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We investigated the extent to which people can selectively ignore distracting vibrotactile information when performing a visual task. In Experiment 1, participants made speeded elevation discrimination responses (up vs. down) to a series of visual targets presented from one of two eccentricities on either side of central fixation, while simultaneously trying to ignore task-irrelevant vibrotactile distractors presented independently to the finger (up) vs. thumb (down) of either hand. Participants responded significantly more slowly, and somewhat less accurately, when the elevation of the vibrotactile distractor was incongruent with that of the visual target than when they were presented from the same (i.e., congruent) elevation. This crossmodal congruency effect was significantly larger when the visual and tactile stimuli appeared on the same side of space than when they appeared on different sides, although the relative eccentricity of the two stimuli within the hemifield (i.e., same vs. different) had little effect on performance. In Experiment 2, participants who crossed their hands over the midline showed a very different pattern of crossmodal congruency effects to participants who adopted an uncrossed hands posture. Our results suggest that both the relative external location and the initial hemispheric projection of the target and distractor stimuli contribute jointly to determining the magnitude of the crossmodal congruency effect when participants have to respond to vision and ignore touch.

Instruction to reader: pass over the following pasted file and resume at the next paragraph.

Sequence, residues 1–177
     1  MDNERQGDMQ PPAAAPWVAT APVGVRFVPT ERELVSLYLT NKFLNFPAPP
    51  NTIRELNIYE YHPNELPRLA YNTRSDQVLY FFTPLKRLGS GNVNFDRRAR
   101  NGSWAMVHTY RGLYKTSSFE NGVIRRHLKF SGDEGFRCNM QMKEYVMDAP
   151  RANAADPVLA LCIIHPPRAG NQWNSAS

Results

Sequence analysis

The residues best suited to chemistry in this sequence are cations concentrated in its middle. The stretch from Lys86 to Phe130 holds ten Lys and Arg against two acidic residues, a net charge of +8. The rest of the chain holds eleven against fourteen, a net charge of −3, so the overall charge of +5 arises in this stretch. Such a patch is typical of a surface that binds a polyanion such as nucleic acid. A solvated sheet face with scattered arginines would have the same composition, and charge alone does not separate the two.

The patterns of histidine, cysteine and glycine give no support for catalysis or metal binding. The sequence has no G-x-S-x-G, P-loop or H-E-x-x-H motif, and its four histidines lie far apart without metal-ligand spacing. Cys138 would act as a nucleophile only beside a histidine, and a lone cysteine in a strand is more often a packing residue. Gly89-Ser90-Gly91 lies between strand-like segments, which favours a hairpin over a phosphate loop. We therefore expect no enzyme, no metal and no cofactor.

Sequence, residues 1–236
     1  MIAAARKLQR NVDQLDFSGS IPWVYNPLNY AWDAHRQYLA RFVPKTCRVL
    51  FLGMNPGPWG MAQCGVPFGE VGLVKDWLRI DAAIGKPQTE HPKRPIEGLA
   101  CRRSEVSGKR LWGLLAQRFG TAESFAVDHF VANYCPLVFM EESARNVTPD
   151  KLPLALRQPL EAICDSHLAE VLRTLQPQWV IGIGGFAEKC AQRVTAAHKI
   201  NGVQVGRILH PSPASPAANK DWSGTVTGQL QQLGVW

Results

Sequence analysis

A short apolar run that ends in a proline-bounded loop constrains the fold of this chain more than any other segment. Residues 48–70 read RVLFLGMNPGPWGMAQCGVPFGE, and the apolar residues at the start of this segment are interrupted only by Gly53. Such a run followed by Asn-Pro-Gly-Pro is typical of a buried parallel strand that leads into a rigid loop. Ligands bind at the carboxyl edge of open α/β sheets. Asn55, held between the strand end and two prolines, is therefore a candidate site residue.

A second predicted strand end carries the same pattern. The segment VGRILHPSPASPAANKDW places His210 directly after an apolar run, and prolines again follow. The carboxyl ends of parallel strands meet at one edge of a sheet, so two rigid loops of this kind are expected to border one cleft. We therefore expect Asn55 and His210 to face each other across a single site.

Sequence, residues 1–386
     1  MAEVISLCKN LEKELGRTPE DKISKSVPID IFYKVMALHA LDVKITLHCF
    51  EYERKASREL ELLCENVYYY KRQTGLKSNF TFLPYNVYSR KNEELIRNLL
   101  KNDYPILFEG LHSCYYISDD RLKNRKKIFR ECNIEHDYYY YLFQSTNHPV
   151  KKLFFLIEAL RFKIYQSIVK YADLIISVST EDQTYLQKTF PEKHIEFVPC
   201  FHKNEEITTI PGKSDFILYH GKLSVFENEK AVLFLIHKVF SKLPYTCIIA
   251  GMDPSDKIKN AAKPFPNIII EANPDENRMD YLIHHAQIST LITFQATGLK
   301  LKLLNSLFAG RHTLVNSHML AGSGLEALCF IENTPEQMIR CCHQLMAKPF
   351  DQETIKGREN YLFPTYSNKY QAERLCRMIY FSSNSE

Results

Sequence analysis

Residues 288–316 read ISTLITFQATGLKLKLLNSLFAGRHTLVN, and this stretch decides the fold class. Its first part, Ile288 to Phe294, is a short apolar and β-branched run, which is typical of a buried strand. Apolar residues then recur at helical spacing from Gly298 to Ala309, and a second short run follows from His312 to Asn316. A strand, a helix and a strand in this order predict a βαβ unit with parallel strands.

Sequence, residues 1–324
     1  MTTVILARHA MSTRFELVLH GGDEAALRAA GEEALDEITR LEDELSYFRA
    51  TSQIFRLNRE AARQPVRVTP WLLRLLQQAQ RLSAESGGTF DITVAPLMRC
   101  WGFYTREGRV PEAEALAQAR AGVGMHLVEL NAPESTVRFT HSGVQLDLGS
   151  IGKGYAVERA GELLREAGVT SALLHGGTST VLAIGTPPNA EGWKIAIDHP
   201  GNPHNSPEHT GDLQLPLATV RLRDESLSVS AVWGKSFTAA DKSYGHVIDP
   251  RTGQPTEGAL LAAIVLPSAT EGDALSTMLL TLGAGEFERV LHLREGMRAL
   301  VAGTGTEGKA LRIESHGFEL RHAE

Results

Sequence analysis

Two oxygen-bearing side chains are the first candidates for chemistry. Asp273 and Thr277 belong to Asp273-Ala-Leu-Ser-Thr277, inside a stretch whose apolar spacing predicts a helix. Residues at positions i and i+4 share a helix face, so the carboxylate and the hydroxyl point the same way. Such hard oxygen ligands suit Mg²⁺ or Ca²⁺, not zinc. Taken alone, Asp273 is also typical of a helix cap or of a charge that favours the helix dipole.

Original publication




Journal article


Acta Psychol (Amst)

Publication Date





47 - 70


Adult, Female, Hand, Humans, Male, Posture, Reaction Time, Touch, Vibration, Visual Perception